NOTE:  This process does NOT provide you a new visa stamp. The next time you travel outside the U.S. you will need to visit a U.S. consulate or embassy to apply for a new visa that reflects your changed status.

While the application is processing, the change of status petitioner may not leave the U.S. or the application will be considered abandoned.

If you are changing to J-1 and your current US immigration status expires while the change of status is pending, this may cause serious problems with the change of status request. 

Other Concerns

It is very difficult to obtain a visa stamp in Canada or Mexico if you are not a national of that country.  If denied a visa, you must return to your home country to apply for a visa there. Berkeley International Office does not recommend applying for a visa stamp in either Canada or Mexico unless you are a legal resident of these countries.   

Due to time restraints, changing nonimmigrant status via application to USCIS may not be the best option for certain student/scholars needing to begin full-time study or employment within within a timeframe shorter than current USCIS processing times. (USCIS processing has ranged over the years from 4-14 months.) Check USCIS Processing Times for the Service Center at which you submit your I-539 request and consult a BIO advisor to determine if change via USCIS is the right option for you.

If you are changing to J-1 and your current U.S. immigration status will expire during your Change of Status processing time, changing status via USCIS may not be possible or may have a very high risk of denial.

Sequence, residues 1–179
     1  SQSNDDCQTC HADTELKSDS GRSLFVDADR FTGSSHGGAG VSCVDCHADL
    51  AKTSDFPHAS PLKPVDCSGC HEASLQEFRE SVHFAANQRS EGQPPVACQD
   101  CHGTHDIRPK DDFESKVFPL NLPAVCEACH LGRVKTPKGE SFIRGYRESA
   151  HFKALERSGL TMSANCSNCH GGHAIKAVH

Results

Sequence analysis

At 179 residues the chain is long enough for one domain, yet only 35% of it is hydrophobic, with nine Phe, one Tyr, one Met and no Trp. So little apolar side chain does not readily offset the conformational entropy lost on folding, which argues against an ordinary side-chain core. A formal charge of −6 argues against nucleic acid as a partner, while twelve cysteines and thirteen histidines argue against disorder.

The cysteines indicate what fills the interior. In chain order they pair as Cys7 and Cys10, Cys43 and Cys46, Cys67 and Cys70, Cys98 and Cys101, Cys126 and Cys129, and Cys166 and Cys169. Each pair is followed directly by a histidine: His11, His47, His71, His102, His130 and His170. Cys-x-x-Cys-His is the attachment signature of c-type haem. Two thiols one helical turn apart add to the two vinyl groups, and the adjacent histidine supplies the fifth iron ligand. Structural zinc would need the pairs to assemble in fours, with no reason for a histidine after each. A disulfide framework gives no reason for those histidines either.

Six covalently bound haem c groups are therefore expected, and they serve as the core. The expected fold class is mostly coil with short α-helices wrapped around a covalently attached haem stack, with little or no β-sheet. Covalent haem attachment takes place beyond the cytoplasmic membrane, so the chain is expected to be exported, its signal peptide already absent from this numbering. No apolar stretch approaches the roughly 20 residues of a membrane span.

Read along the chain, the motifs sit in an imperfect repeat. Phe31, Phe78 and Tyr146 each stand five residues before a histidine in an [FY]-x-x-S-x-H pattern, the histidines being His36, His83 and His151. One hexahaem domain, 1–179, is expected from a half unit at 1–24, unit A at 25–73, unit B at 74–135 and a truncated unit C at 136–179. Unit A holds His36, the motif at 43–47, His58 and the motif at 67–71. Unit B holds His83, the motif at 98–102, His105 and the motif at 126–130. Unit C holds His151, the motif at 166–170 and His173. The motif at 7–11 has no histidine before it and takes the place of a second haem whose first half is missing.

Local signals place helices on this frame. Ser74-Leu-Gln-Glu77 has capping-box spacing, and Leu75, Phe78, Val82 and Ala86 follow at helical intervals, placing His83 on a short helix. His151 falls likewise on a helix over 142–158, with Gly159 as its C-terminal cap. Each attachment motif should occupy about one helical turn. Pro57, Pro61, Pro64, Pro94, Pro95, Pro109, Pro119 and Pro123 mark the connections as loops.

Study or Employment in B-1/B-2 Status:
Visitors in B-1/B-2 status cannot begin full-time or degree-seeking study or begin employment until the change of status to F-1 or J-1 is approved by USCIS.

Study or Employment in F-2 Status:
F-2 dependents may not begin employment until the status change to F-1 or J-1 is approved by USCIS. F-2 spouses and children may enroll in UC Berkeley academic programs for less than a full course of study. F-2 spouses and children may not enroll full-time in a UC Berkeley program until a change of status to F-1 or J-1 is approved by USCIS. 

Employment Issues:
F-1 or J-1 employment cannot be authorized until the change of status to F-1 or J-1 has been approved by USCIS. This means you must have received your I-797 Change of Status approval notice from USCIS.

If your Change of Status is approved with a future effective date, F-1s may not begin on-campus employment until 30 days before your I-20 start date. J-1 students cannot begin employment until they have been approved for on-campus employment authorization

Until the F-1 or J-1 change of status has been approved, refer to the employment authorization rules which apply to your current visa status. Be aware that if your current visa status expires and your F-1 or J-1 change of status is still pending, no employment authorization is possible.

Prior J-1 Status Holders:
Individuals subject to the J-1 Two Year Home Country Physical Presence Requirement are not eligible for change of status within the US unless they have proof that they have been waived of the requirement.